Construction Workers Beg Students to Stop Shameless Catcalling

April 28, 2019


If you’ve strolled through the quad or walked by the North Campus dorms this quarter, you may have noticed the many construction workers that are helping to make our university more structurally sound. And yeah, let’s face it: they’re fine as hell. Who could possibly ignore their big, work-roughened hands, or the way that those sexy neon vests hug their curves?


It’s not easy for any of us to pass by the scaffolding scattered across campus without shouting up our appreciation for the construction workers’ smokin bods, but this is 2019, and they are just trying to do their jobs. The flagrant objectification must stop.


When asked for comment on the catcalling he has faced while working on campus, construction worker Bob Thickman said that, “it’s unnerving to know that students view me as just a piece of ass. Sure, my boots might emphasize the girth and length of my feet, and when I walk my toolbelt may draw attention to the sway of my hips, but that doesn’t mean I’m not an intellectual. I dress this way for me, because it makes me feel good. My clothes are my choice and in no way an invitation for harassment.”


Mr. Thickman isn’t the only worker who feels violated by students’ vulgar comments. Rod Longley, who has been working on Smith hall for the past month, says that “it’s hard to feel safe with all of these ogling eyes on us. Sure, I’ve experienced this stuff on other jobs, but never to this degree. If these kids think what they’re doing is flattering, they clearly don’t understand the power dynamics at play here.”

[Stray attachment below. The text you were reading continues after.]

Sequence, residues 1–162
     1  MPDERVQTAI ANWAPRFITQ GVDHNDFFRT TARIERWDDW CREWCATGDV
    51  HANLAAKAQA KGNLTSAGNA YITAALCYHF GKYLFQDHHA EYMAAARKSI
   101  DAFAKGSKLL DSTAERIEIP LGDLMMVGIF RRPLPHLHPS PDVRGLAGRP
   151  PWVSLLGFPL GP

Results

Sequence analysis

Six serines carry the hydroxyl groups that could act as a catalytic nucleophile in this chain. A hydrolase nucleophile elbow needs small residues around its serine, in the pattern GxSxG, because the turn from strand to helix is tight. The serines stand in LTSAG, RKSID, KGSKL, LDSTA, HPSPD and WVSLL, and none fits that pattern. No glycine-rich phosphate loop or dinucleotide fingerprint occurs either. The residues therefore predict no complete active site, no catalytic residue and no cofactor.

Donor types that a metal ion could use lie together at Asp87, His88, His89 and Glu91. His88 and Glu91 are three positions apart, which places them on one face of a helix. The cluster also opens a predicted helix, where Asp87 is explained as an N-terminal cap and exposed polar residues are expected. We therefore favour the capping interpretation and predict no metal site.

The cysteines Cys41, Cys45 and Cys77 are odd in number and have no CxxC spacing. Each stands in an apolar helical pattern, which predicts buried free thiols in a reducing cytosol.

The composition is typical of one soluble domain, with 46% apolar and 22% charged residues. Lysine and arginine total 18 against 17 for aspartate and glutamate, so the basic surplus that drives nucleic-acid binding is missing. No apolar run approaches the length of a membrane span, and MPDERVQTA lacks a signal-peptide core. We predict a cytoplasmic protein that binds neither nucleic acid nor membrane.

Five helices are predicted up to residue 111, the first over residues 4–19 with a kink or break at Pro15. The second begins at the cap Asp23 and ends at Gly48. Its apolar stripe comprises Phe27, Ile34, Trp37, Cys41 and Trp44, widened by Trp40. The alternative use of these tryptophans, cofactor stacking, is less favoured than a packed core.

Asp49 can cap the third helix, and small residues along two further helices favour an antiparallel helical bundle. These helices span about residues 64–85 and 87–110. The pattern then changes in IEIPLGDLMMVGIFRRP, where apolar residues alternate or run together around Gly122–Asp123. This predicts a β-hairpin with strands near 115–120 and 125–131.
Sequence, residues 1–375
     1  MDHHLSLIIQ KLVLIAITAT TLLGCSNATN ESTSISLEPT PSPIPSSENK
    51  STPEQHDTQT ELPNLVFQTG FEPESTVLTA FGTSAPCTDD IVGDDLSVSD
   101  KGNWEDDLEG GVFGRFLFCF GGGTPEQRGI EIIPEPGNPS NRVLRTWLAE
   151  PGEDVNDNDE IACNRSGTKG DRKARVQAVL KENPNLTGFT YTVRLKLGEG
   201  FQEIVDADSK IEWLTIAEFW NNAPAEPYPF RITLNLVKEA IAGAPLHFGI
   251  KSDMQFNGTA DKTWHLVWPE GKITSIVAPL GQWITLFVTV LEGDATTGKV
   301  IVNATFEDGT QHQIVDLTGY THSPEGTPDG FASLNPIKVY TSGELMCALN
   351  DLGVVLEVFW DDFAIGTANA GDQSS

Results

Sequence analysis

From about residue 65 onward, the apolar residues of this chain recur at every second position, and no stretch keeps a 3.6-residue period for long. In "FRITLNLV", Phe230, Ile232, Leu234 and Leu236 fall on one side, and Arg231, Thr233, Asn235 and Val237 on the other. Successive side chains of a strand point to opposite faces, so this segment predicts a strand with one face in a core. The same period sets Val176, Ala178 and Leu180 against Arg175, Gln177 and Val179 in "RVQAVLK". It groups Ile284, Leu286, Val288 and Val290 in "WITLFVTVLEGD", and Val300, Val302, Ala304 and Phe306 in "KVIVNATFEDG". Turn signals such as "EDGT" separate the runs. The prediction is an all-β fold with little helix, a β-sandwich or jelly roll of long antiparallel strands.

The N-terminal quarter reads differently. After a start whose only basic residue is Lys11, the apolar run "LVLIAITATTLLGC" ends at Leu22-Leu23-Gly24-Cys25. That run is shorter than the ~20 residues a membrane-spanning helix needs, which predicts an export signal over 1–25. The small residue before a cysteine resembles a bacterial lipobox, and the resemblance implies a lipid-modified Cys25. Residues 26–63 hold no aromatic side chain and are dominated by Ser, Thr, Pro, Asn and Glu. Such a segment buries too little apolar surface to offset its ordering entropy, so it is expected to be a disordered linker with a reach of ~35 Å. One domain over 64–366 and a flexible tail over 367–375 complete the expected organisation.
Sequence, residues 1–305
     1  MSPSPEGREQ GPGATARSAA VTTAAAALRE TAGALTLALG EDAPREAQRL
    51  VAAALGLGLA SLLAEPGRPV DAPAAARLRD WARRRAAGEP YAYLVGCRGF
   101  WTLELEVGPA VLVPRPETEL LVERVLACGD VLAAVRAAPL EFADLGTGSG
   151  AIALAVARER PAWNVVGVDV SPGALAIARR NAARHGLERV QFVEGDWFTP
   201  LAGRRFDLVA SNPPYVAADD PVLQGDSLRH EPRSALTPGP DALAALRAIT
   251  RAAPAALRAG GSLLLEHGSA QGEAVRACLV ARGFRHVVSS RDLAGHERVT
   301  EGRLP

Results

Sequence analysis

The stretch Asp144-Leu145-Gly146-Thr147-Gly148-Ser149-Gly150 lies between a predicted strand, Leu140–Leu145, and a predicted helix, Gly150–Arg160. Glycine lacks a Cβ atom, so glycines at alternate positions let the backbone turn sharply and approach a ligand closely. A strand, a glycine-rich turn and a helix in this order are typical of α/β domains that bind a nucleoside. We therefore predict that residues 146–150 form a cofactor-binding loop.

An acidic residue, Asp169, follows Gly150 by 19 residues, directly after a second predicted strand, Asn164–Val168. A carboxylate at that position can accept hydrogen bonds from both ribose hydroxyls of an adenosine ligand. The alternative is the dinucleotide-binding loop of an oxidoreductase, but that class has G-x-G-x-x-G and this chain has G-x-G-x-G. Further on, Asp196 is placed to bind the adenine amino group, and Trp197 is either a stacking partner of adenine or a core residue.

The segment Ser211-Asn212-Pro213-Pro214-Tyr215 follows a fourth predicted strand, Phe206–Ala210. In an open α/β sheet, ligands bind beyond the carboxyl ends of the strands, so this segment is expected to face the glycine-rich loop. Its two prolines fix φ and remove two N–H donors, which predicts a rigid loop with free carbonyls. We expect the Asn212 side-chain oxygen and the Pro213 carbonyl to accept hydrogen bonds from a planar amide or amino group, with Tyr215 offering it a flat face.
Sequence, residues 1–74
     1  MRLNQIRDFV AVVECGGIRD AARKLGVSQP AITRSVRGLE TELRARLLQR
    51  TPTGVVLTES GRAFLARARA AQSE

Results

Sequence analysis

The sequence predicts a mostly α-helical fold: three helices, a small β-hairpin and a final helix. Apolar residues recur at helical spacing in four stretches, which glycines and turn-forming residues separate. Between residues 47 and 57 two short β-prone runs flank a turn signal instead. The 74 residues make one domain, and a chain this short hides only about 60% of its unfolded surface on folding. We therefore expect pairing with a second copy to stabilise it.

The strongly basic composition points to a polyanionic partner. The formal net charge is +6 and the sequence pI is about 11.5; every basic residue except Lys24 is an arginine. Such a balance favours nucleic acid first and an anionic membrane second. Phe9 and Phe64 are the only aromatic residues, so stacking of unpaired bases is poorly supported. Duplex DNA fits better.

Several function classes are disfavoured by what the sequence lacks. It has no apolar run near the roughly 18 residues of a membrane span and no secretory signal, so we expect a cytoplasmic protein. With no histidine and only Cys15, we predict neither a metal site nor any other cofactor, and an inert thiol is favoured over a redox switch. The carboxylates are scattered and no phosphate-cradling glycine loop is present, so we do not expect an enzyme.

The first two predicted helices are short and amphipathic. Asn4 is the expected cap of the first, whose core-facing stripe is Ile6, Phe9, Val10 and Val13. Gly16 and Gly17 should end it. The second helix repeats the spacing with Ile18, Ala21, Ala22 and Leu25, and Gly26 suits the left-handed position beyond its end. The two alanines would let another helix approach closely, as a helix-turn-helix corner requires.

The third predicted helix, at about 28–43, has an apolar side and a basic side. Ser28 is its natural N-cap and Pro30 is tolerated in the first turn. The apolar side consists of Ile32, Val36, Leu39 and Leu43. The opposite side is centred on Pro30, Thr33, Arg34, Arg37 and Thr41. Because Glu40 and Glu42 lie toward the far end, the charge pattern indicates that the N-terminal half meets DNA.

If you want to help make construction workers feel like they can do their jobs safely and professionally, there are a few simple steps you can take. First, if you feel the urge to make a comment such as “take off those safety goggles, baby” or “your hat’s not the only thing that’s hard,” take a deep breath instead. Remind yourself that these are real people with rich inner lives, not just burly men in baggy jeans that leave just enough to the imagination. Second, if you see other students engaging in harassment, call them out. Use your privilege for good. Finally, if you must direct your sexual frustration somewhere, direct it at people who don’t mind the attention, such as the UW police department, or HFS dining hall employees.


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